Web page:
Heightened sensitivity to facial expressions of emotion in borderline personality disorder.

  • Lynch T
  • Rosenthal Z
  • Kosson D
 et al. 
  • 1


    Mendeley users who have this article in their library.
  • N/A


    Citations of this article.


Individuals with borderline personality disorder (BPD) have been hypothesized to exhibit significant problems associated with emotional sensitivity. The current study examined emotional sensitivity (i.e., low threshold for recognition of emotional stimuli) in BPD by comparing 20 individuals with BPD and 20 normal controls on their accuracy in identifying emotional expressions. Results demonstrated that, as facial expressions morphed from neutral to maximum intensity, participants with BPD correctly identified facial affect at an earlier stage than did healthy controls. Participants with BPD were more sensitive than healthy controls in identifying emotional expressions in general, regardless of valence. These findings could not be explained by participants with BPD responding faster with more errors. Overall, results appear to support the contention that heightened emotional sensitivity may be a core feature of BPD. (PsycINFO Database Record (c) 2015 APA, all rights reserved)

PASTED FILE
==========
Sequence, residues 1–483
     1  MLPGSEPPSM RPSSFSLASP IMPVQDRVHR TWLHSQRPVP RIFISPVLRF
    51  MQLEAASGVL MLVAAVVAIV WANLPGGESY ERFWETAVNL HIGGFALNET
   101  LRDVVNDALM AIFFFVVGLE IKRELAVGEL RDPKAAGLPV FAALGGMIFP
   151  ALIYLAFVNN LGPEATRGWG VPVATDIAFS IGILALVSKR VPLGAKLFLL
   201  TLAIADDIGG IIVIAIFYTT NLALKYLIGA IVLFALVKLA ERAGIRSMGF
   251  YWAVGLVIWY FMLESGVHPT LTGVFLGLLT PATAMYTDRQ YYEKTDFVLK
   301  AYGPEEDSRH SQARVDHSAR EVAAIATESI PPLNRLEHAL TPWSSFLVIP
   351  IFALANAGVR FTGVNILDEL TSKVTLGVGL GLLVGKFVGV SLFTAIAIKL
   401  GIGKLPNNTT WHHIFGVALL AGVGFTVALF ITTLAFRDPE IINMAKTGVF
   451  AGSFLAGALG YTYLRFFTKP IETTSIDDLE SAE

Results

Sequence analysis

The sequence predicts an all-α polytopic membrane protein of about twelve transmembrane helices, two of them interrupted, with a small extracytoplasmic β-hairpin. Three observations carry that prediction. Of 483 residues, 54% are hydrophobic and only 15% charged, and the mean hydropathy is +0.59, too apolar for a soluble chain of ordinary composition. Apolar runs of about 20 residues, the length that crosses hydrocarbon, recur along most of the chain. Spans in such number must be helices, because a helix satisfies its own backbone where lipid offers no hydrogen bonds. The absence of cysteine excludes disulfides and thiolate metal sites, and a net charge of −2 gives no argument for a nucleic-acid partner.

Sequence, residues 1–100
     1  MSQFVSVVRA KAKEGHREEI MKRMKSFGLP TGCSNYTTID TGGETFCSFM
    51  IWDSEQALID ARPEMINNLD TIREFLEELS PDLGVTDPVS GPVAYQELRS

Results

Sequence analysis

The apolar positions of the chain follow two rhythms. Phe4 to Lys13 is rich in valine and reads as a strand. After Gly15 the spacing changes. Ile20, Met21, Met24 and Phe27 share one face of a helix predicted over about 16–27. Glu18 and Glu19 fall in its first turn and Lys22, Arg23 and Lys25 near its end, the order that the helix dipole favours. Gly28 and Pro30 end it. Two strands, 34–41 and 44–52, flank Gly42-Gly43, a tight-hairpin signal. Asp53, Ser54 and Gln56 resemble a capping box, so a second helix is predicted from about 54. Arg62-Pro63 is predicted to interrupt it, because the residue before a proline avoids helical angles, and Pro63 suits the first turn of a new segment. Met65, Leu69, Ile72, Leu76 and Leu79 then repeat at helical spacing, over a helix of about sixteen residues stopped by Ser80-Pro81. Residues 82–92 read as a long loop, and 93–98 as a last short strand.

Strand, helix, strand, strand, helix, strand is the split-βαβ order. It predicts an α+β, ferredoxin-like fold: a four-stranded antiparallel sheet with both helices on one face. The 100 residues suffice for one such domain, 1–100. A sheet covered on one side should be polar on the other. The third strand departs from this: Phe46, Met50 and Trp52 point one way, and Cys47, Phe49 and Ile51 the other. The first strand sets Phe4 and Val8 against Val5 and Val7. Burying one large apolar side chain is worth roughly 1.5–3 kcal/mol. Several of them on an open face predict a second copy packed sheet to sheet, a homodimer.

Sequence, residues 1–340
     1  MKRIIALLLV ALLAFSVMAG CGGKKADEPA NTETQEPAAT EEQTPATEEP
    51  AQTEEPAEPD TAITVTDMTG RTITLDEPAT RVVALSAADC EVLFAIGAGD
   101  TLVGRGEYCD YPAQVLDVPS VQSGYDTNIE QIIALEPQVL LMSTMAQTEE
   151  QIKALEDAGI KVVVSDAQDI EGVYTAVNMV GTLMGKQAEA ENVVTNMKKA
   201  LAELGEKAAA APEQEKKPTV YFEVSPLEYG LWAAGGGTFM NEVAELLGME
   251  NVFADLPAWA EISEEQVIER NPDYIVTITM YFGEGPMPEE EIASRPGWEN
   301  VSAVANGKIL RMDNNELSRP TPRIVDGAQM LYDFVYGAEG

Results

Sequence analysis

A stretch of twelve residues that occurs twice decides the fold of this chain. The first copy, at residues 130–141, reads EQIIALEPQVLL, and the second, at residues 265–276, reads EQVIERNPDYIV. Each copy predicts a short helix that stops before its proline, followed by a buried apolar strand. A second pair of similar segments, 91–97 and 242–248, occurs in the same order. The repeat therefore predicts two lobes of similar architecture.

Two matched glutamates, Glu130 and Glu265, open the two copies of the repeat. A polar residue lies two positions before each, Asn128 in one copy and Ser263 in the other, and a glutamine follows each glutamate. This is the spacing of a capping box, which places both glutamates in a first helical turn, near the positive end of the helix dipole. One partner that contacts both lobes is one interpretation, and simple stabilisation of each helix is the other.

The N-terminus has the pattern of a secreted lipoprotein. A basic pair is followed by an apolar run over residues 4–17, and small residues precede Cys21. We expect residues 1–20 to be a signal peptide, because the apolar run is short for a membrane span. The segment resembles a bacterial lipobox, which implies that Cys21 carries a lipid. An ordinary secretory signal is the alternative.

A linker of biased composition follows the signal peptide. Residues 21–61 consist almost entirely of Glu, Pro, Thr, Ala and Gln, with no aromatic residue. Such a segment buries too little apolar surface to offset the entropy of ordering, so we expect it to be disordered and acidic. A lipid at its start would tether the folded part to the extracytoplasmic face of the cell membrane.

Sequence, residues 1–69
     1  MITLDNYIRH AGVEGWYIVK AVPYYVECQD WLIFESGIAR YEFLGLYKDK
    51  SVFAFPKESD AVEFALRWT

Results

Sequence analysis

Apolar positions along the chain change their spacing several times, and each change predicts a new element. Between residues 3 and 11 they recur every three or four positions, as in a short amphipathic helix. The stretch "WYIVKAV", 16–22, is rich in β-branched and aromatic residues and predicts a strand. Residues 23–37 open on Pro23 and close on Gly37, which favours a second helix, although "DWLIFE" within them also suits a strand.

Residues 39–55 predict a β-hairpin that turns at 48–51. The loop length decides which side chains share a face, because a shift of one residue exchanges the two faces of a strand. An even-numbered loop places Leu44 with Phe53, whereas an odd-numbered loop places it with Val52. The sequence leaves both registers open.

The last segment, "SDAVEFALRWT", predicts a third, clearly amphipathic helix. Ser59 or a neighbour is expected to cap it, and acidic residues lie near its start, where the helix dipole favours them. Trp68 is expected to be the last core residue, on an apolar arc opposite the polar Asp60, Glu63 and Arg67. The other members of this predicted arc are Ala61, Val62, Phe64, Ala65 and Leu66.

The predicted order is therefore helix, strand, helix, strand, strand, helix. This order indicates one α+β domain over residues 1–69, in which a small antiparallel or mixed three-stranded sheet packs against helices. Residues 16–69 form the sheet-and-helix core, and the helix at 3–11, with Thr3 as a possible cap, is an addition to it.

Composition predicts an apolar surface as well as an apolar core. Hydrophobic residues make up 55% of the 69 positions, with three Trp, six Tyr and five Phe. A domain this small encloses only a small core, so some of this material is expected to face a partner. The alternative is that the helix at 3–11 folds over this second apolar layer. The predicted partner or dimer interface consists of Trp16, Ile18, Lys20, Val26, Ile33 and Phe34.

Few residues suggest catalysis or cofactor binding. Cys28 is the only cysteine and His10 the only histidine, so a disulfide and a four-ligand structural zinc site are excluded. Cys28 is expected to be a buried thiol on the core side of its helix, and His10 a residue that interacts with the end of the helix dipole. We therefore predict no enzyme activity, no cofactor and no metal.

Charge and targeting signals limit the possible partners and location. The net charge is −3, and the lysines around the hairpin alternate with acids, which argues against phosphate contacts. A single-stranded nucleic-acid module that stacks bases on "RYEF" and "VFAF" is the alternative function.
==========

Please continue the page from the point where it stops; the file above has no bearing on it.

Get free article suggestions today

Mendeley saves you time finding and organizing research

Sign up here
Already have an account ?Sign in

Find this document

There are no full text links


  • Thomas R. Lynch

  • Zachary M. Rosenthal

  • David S. Kosson

  • Jennifer S. Cheavens

  • C. W. Lejuez

  • R. J. R. Blair

Cite this document

Choose a citation style from the tabs below

Save time finding and organizing research with Mendeley

Sign up for free